To be remembered from a specific characteristic or even personality trait, summed up into a shortened phrase of an identity had been an experience several students shared. These intimate puns fueled friendships for some students and remained a constant reminder of a certain memory for others. What a nickname represented was an alternating concept amongst peers. 

Paige Boucher Photo by Brooke Williams.

Whether a funny phrase emerged from a humorous inside joke or a moment of ‘you just had to be there’, having a stranger refer to you with a name made by the closest of friends could seem a little weird. Freshmen Paige Boucher recalled a spin on her name, Paigey-poo, which was made by a group of all of her friends. 

“My nickname is Paigey-Poo, it’s alright [to be called this] if it’s coming from one of my close friends I’ve known for a while but if it comes from someone else it would be kind of weird,” Boucher said. “This nickname portrays how close my friends and I are.” 

Gabrielle Garcia Photo by Brooke Williams.

For sophomore Gabrielle Garcia, her nickname spawned from a character played in a show on TV that was watched by everyone, which created the basis of a relationship behind a name. The pure humor that followed this person’s new name was enough for it to catch on and become a new identity to follow her for five years and counting.  

“[I’ve had my nickname] Gibby since sixth grade, the origin of Gibby was from the character from the show Icarly.” Garcia said.  

Gavin Rivers Photo by Brooke Williams.

Family relationships come from every end of the spectrum, there was always that really weird uncle that tried to stay up to date with the newest technology and lingo, then there were the dads that wanted to relate to their teenagers. Receiving a nickname from a parent could mean many different things to different people, but it definitely meant they loved hanging out with you.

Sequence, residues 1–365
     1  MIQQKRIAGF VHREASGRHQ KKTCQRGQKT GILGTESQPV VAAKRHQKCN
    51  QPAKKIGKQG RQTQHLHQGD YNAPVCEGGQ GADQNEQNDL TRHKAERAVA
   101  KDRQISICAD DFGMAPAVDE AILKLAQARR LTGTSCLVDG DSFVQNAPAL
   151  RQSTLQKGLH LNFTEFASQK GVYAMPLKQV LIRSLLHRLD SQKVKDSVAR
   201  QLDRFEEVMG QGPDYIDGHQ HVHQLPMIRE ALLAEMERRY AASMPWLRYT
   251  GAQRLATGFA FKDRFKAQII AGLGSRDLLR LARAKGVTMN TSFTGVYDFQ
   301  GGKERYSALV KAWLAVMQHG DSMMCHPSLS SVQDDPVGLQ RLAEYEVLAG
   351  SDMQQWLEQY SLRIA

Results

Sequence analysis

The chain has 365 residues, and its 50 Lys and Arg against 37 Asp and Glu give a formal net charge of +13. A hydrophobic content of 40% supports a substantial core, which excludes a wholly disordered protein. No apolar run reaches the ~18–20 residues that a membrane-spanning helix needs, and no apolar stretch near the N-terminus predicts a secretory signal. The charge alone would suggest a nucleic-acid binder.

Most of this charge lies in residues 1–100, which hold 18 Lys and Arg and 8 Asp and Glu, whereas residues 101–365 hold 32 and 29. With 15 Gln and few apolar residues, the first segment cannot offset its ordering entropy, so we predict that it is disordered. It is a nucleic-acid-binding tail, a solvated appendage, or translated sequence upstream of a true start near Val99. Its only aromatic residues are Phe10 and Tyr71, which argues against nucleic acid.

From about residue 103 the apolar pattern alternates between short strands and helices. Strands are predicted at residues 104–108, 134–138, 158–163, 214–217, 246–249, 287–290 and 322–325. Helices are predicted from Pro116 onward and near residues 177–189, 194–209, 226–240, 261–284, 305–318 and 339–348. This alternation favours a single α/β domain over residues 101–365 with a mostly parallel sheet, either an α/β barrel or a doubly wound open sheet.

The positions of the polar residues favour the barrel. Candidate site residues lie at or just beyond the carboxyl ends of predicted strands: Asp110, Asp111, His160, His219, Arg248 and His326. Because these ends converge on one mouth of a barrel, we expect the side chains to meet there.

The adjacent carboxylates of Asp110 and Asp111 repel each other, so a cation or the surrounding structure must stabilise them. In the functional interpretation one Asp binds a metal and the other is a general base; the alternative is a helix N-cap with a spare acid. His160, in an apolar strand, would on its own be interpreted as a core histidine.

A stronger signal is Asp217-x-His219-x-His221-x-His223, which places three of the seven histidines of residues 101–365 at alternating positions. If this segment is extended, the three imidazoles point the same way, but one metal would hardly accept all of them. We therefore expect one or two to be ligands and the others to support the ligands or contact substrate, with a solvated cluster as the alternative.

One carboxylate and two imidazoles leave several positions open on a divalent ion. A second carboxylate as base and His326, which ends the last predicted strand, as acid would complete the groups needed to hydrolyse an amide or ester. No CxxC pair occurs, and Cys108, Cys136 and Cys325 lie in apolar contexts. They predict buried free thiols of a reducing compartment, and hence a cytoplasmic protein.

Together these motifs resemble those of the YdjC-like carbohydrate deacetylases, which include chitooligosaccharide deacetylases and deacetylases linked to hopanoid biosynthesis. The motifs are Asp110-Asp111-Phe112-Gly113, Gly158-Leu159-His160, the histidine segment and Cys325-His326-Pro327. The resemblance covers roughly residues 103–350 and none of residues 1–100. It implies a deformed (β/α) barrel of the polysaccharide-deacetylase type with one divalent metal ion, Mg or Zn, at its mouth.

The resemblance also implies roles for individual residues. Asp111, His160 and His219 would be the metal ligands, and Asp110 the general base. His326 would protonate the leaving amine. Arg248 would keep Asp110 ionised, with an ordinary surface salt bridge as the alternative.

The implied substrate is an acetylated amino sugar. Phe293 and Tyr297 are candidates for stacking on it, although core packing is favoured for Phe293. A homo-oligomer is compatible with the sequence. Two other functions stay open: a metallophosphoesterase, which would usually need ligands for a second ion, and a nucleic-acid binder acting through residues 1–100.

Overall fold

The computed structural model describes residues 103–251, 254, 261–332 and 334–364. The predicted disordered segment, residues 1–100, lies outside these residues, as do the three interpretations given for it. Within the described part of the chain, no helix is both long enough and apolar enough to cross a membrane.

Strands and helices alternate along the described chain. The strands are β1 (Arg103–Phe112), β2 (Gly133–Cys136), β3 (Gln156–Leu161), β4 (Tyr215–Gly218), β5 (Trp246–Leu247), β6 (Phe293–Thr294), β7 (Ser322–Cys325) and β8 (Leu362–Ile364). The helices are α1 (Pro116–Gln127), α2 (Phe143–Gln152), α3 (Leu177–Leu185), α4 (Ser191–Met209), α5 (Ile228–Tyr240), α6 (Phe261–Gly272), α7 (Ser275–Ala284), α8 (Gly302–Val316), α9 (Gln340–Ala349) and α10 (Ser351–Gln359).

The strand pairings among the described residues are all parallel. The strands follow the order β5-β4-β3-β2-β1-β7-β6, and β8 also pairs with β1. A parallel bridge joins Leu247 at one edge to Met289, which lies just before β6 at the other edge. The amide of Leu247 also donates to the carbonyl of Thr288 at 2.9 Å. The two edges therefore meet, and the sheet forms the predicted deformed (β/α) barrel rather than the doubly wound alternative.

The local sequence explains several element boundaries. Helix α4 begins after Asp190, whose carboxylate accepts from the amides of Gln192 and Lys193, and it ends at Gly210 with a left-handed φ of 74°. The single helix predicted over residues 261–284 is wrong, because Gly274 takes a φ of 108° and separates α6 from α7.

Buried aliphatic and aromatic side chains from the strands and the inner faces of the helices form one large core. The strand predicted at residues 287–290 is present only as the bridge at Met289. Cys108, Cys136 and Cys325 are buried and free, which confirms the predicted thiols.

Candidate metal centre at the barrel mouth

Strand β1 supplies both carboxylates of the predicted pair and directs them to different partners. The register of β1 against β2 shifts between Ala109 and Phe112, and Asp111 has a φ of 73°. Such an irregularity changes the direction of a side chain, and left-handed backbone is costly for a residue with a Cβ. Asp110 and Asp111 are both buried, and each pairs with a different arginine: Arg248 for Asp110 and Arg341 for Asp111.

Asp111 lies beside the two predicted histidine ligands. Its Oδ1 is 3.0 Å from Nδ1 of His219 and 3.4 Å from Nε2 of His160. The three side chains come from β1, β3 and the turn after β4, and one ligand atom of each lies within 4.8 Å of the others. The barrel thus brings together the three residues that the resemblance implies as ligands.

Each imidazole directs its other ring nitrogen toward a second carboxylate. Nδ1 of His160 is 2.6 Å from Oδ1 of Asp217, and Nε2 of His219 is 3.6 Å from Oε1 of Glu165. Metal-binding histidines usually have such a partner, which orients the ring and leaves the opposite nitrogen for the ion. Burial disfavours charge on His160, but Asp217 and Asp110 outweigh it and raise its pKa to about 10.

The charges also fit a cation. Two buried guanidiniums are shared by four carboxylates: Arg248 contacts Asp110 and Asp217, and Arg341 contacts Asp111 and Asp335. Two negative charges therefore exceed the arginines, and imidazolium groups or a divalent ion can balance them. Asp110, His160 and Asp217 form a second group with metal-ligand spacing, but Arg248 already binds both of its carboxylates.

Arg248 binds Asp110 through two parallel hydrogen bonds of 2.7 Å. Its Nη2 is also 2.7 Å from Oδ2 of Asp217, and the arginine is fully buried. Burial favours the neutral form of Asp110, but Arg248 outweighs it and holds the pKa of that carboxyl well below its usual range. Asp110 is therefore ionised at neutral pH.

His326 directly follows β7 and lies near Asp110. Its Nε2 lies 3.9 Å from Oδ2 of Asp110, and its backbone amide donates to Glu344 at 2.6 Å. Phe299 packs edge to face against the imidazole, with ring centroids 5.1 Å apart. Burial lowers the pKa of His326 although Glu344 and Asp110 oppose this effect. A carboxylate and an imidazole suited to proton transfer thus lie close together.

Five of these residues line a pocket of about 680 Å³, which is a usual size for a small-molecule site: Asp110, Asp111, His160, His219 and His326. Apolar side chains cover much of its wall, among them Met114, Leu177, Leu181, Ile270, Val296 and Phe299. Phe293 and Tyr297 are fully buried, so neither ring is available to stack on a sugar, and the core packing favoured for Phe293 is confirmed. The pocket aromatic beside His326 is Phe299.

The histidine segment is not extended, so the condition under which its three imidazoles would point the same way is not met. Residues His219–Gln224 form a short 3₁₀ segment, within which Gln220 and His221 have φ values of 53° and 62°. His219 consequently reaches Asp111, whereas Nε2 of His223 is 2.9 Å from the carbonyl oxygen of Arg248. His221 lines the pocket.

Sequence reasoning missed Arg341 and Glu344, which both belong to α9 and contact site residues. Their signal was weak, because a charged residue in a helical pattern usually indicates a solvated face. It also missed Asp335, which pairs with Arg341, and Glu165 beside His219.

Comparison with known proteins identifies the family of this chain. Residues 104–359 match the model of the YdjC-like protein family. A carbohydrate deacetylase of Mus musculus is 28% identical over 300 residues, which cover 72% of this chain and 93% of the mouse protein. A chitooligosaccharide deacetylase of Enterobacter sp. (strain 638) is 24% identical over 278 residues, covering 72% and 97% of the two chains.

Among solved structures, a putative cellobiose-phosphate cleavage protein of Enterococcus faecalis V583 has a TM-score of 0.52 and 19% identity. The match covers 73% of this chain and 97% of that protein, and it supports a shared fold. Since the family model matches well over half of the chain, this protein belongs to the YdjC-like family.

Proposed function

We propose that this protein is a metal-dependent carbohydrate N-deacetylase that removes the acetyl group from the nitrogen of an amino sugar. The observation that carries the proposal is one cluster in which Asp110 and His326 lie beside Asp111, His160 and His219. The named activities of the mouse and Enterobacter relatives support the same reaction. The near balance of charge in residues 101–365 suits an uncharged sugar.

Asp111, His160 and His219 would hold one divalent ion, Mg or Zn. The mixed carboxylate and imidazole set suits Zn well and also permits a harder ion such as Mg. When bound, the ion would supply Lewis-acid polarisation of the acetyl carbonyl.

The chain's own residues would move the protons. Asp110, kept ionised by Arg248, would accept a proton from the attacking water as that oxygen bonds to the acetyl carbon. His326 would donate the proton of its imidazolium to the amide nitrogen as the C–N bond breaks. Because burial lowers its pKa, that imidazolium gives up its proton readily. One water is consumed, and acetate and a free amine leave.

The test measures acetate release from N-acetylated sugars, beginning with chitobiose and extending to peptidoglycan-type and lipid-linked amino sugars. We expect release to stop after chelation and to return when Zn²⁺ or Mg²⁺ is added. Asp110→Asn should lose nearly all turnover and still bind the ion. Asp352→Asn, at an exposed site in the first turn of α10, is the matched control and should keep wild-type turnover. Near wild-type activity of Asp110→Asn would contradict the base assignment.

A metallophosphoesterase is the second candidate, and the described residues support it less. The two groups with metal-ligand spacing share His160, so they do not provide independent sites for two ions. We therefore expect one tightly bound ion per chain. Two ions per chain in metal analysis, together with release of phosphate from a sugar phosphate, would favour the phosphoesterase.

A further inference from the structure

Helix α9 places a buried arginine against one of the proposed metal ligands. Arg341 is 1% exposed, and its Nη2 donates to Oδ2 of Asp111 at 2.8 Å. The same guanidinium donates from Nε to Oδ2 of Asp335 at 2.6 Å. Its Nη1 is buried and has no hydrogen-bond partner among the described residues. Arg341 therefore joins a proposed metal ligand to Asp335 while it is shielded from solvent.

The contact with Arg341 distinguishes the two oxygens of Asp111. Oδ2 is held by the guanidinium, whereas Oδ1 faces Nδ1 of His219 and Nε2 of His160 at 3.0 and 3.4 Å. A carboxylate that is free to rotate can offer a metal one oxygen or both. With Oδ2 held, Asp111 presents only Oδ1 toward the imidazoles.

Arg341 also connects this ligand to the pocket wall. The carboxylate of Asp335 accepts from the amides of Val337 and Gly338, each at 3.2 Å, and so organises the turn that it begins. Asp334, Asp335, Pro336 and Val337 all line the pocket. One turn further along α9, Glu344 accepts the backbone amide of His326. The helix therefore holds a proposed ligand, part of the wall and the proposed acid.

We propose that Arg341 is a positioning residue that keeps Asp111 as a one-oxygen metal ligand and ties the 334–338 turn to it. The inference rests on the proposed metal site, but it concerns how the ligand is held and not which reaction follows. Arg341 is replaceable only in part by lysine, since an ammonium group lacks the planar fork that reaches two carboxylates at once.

“My dad called me ‘G-Dog-the-killa’ because my name starts with a G,” junior Gavin Rivers said, “It was my x-box name for a little, [getting this nickname] meant that [I] was better than all the other Gavin’s out there.” 

Jamie Farrar Photo by Brooke Williams.

For sophomore Jamie Farrar, what began as one friend’s way of getting her attention morphed into a shortened version of her name that every peer, both friend and stranger, referred to her as without having to think about it.  

“My nickname is Jam,” Farrar said. “One of my friends, Amanda Hartamann, made up my nickname and then everyone else started calling me it.” 

Caylynn Tenison Photo by Brooke Williams.

The backstory behind a nickname held specific memories for sophomore Caylynn Tenison, a YouTube star led to a shared inside joke of comparisons for many years to follow. The shortened identity reminded her of the middle school days and the simplicity of that time period. 

“My close friends call me JC because in sixth grade we all loved the youtuber, JC Caylen, and since my name is spelled ‘Caylynn’ it was close enough for them to begin comparing me to him,” Tenison said. “Having a nickname can obviously symbolize many different things for different people, but for me it reminds me who my closest friends are and is a fun way for people to bond.”

Whether a phrase was conjured through mutual friends having the laugh of a lifetime, or from a mom who insisted and giving you a personal nickname, the name itself was sure to symbolize the relationship between several people. Nicknames may not have been made to share with everyone, but they have impacted everyone’s perception on what bond there is between certain relationships.

 

Share:
Written by Brooke Williams
Yearbook Staff Member